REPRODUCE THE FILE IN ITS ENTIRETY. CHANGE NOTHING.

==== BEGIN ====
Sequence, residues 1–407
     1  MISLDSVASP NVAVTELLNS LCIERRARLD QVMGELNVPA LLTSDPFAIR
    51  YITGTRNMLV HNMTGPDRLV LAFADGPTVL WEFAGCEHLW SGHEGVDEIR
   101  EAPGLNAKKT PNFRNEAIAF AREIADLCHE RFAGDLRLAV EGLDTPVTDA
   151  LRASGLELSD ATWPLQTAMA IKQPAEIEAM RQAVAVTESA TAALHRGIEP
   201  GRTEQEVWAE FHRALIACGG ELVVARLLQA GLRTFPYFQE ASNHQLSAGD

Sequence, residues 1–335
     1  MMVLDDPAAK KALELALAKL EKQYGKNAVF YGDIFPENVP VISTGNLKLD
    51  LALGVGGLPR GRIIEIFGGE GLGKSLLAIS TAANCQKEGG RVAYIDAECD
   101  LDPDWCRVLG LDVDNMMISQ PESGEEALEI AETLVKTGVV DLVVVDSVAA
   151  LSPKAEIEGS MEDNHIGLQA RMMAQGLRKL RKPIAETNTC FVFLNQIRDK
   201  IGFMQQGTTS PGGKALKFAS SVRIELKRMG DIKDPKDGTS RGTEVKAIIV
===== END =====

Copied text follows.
Sequence, residues 1–407
     1  MISLDSVASP NVAVTELLNS LCIERRARLD QVMGELNVPA LLTSDPFAIR
    51  YITGTRNMLV HNMTGPDRLV LAFADGPTVL WEFAGCEHLW SGHEGVDEIR
   101  EAPGLNAKKT PNFRNEAIAF AREIADLCHE RFAGDLRLAV EGLDTPVTDA
   151  LRASGLELSD ATWPLQTAMA IKQPAEIEAM RQAVAVTESA TAALHRGIEP
   201  GRTEQEVWAE FHRALIACGG ELVVARLLQA GLRTFPYFQE ASNHQLSAGD

Sequence, residues 1–335
     1  MMVLDDPAAK KALELALAKL EKQYGKNAVF YGDIFPENVP VISTGNLKLD
    51  LALGVGGLPR GRIIEIFGGE GLGKSLLAIS TAANCQKEGG RVAYIDAECD
   101  LDPDWCRVLG LDVDNMMISQ PESGEEALEI AETLVKTGVV DLVVVDSVAA
   151  LSPKAEIEGS MEDNHIGLQA RMMAQGLRKL RKPIAETNTC FVFLNQIRDK
   201  IGFMQQGTTS PGGKALKFAS SVRIELKRMG DIKDPKDGTS RGTEVKAIIV